NORFOLK, Va. (AP) - NORFOLK, Va. (AP) - In a story May 4 about a plea deal for Navy Lt. Cmdr. Edward C. Lin in military court, The Associated Press reported erroneously that Lin became a U.S. citizen in 2008. He became a citizen in 1998 and enlisted in the Navy the following year, according to his attorney, Larry Youngner.
A corrected version of the story is below:
Taiwan-born Navy officer admits lying, mishandling secrets
A Taiwan-born Navy officer accused of espionage struck a deal with the U.S. government and agreed Thursday to plead guilty to several charges, but not espionage involving China or Taiwan
By BEN FINLEY
NORFOLK, Va. (AP) - The U.S. Navy abandoned efforts to convict a Taiwan-born Navy officer of spying for China or Taiwan, striking a plea deal on Thursday instead that portrays him as arrogant and willing to reveal military secrets to impress women.
The agreement was a marked retreat from last year’s accusations that Lt. Cmdr. Edward C. Lin gave or attempted to give classified information to representatives of a foreign government.
But it still appears to end the impressive military career of a man who came to America at 14. Lin joined the staff of an assistant secretary of the Navy in Washington, and later was assigned to a unit in Hawaii that flies spy planes.
Lin, 40, now faces dismissal from the Navy and up to 36 years in prison at his sentencing, scheduled for early June.
During the daylong court-martial in Norfolk, Lin admitted that he failed to disclose friendships with people in Taiwan’s military and connected to its government. He also conceded that he shared defense information with women he said he was trying to impress.
One of them is Janice Chen, an American registered in the U.S. as a foreign agent of Taiwan’s government, specifically the country’s Democratic Progressive Party.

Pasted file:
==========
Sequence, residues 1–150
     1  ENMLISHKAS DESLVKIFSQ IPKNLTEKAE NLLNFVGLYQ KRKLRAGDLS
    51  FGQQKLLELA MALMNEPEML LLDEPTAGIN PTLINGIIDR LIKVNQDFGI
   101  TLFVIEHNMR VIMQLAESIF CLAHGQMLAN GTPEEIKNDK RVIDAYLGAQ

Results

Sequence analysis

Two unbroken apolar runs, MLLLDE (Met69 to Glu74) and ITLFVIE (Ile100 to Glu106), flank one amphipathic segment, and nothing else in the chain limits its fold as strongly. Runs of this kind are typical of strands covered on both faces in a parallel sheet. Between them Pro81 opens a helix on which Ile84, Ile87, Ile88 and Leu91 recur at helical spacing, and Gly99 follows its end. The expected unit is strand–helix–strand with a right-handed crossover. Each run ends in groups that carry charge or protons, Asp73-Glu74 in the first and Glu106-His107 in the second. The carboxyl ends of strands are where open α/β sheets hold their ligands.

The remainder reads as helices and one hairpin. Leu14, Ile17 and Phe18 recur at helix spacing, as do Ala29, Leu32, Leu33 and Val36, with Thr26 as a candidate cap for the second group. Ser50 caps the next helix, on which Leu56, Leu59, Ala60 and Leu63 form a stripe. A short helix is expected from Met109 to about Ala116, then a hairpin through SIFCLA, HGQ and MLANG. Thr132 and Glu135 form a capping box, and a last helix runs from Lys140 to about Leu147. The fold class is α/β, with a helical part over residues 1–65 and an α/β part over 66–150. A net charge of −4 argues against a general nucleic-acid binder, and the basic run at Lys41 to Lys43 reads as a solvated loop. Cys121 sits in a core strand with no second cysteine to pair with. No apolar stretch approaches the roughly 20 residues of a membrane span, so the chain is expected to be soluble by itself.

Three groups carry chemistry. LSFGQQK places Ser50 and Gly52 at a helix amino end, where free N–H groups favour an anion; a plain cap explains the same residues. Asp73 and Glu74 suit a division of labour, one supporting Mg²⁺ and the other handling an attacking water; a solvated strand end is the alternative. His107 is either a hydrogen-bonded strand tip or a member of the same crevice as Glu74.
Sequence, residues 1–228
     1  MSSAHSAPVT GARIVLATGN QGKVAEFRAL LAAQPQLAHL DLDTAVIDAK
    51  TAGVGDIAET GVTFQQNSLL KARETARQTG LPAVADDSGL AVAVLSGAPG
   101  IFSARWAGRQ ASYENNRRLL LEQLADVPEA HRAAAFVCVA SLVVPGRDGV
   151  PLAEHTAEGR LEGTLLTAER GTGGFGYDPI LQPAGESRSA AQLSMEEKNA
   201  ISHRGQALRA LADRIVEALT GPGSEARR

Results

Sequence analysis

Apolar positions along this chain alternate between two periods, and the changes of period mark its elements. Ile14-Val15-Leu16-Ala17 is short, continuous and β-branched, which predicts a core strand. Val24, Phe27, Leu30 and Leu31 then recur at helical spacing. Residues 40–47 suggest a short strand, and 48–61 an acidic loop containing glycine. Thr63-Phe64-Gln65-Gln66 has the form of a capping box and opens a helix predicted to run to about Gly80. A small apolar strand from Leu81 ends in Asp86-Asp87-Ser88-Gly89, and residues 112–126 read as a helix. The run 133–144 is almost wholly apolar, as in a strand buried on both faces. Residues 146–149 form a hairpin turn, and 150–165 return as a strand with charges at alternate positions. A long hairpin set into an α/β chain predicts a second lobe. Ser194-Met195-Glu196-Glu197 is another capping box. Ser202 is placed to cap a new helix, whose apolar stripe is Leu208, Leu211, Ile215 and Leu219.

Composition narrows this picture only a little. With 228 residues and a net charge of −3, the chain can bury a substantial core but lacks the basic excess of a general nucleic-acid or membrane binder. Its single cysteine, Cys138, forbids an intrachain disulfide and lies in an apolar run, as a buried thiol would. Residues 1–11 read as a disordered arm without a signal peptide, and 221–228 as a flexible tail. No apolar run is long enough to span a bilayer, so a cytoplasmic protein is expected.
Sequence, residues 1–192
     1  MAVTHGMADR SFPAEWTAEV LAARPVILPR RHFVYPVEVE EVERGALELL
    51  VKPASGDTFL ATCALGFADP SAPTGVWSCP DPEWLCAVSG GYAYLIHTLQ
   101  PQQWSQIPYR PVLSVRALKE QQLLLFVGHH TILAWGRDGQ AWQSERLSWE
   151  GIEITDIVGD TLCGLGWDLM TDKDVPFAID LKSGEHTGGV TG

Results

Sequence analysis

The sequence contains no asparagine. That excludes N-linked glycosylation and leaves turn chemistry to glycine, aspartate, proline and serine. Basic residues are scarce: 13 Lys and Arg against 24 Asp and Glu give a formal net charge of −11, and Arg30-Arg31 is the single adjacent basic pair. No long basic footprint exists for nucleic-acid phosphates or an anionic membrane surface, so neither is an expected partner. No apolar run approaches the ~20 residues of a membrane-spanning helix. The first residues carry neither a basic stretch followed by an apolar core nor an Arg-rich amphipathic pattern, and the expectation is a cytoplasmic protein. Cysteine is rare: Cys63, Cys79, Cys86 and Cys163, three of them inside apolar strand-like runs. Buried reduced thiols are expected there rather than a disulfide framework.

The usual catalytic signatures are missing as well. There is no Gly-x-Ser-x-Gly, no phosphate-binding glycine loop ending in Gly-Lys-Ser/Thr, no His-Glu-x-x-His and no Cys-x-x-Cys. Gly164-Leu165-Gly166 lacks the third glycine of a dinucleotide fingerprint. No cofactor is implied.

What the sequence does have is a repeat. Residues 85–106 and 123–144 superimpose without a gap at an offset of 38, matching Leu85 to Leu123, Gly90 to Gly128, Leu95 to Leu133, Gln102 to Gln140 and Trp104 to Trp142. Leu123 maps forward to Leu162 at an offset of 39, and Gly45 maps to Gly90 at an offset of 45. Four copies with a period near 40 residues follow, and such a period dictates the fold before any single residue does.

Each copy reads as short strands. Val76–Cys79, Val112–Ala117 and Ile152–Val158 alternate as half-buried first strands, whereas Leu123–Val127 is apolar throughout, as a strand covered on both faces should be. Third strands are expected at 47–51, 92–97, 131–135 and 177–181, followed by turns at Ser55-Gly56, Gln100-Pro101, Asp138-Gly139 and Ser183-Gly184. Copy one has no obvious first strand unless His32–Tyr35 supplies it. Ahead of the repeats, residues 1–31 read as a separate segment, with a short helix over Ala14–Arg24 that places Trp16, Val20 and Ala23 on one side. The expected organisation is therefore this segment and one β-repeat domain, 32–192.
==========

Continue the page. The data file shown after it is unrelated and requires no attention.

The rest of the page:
Lin said he and Chen often discussed news articles she emailed him about military affairs. He admitted that he shared classified information about the Navy’s Pacific Fleet.
He also divulged secrets to a woman named “Katherine Wu,” whom he believed worked as a contractor for Taiwan’s Ministry of Foreign Affairs. She actually was an undercover FBI agent.
“I was trying to let her know that the military profession in the United States is an honorable and noble one,” Lin told Cmdr. Robert Monahan, the military judge. Lin said the military is less prestigious in Taiwan.
Lin also had friends with other connections, including a woman living in China whom he met online, and a Chinese massage therapist who moved to Hawaii.
Lin said he gave the massage therapist a “large sum of money” at one point, although he didn’t say why.
Lin also admitted to lying to superiors about flying to Taiwan and planning to visit China. But he said he did it only to avoid the bureaucracy that a U.S. military official must endure when traveling to a foreign country.
“Sir, I was arrogant,” he told the judge.
A 2008 Navy press release about a speech Lin gave in December 2008 to new citizens in Hawaii said he was 14 when he and his family left Taiwan. His attorney, Larry Youngner, said Lin became a U.S. citizen in 1998 and enlisted in the Navy the following year.
“I always dreamt about coming to America, the ‘promised land,’” Lin was quoted as saying when speaking at the 2008 ceremony for other immigrants. “I grew up believing that all the roads in America lead to Disneyland.”
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